TAMPA – Whether it was a late night, early kickoff, good defense or some combination, Tennessee stumbled through its first three Outback Bowl drives before emphatically reminding everybody why the Volunteers are the popular pick to rule the SEC East in 2016.

Odd thing, though. It took a major contribution from a surprising source before the old reliables put the finishing touches on a convincing 45-6 victory over Northwestern at Raymond James Stadium, which looked and sounded much like a Knoxville suburb Friday.

The Volunteers gained just 19 yards on those first three drives – a total they more than doubled in personal foul penalty yards.

They wasted an interception deep in Northwestern’s territory, losing 9 yards after starting first-and-10 at the 22, the result of which led to a field goal attempt that clanked off the goal post.

Fitting, for a clunker of a first quarter.

But one well-designed play washed away those football sins,  a seam route to a secret weapon.

Joshua Dobbs, 3-for-5 for just 9 yards to that point, hit seldom-used, oft-injured tight end Alex Ellis for a momentum-changing 42 yards.

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Sports betting in Tennessee officially launched on November 1, 2020, and many of the largest sportsbooks are live and operating in the volunteer state. Tennessee is only one of a handful of SEC football states with legalized sports betting.

It was an unexpected jolt on several fronts. It came against a Wildcats defense that had allowed just three plays longer than 40 yards all season.

It went to Ellis, a senior and former walk-on, who entered the bowl game with just five catches and 43 yards this season. Northwestern certainly defended him like someone who wouldn’t get the ball, leaving him wide open in the middle of the field. Dobbs later found Alvin Kamara for 16 yards, which helped set up the junior quarterback’s 14-yard touchdown run on a designed QB draw.

After Northwestern pulled within 10-6 – yes an actual Big Ten touchdown against an SEC team – Dobbs went back to Ellis on another seam route. That one went for 22 yards and set up the Vols’ second touchdown.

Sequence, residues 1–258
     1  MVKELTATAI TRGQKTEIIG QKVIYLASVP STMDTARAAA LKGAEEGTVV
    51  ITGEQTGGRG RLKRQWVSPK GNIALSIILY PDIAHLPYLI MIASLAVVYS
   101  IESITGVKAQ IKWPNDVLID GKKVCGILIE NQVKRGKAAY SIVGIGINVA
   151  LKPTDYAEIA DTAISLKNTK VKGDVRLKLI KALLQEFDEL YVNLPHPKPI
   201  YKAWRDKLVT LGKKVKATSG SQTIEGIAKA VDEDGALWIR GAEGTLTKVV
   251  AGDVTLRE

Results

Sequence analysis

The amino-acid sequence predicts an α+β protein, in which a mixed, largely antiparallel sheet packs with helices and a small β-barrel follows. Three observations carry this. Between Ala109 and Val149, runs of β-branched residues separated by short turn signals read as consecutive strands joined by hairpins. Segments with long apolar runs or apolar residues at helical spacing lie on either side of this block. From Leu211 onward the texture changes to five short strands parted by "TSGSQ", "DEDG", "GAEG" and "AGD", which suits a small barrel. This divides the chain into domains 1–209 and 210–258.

The 17-point first half, while not explosive, was notable because it exceeded what Northwestern’s stingy defense allowed per game this season.

Tennessee’s defense and Jalen Hurd did the rest to ensure the Vols won bowl games in consecutive seasons for the first time since Peyton Manning and Co. captured three straight from 1994-96.

Derek Barnett and Darrin Kirkland Jr. each had a sack in the first half. UT opened the second half with consecutive sacks to end Northwesthern’s first drive. It added a second interception to end another.

With a big lead, Tennessee leaned on Hurd the rest of the afternoon.

They repeatedly fed their 6-foot-4, 240-pound sophomore from the I and Pistol formations en route to a 130-yard performance. He became the first Tennessee player to run for 100 yards in multiple bowl games, doing so in typical Hurd fashion by breaking multiple tackles at the line before sprinting 24 yards for a first down.

It wasn’t quite Derrick Henry finishing off Auburn or Florida, but the Vols handed it to Hurd seven times during an eight-play stretch, which he capped with a walk-in touchdown from 3 yards.

Consider it a not-so-subtle 240-pound hint of what’s to come next fall, reinforced by a fourth-quarter reminder from Dobbs, who raced 18 yards around the edge for his second touchdown as “Rocky Top” again rang down from the stands.

They were finishing touches from Tennessee’s dynamic duo, who showed again why the Vols are the SEC East’s team to beat next season.

And that, more so than anything else that happened Friday, was precisely the message Tennessee wanted to deliver. It just took the Vols a bit longer than expected to hit the “send” button.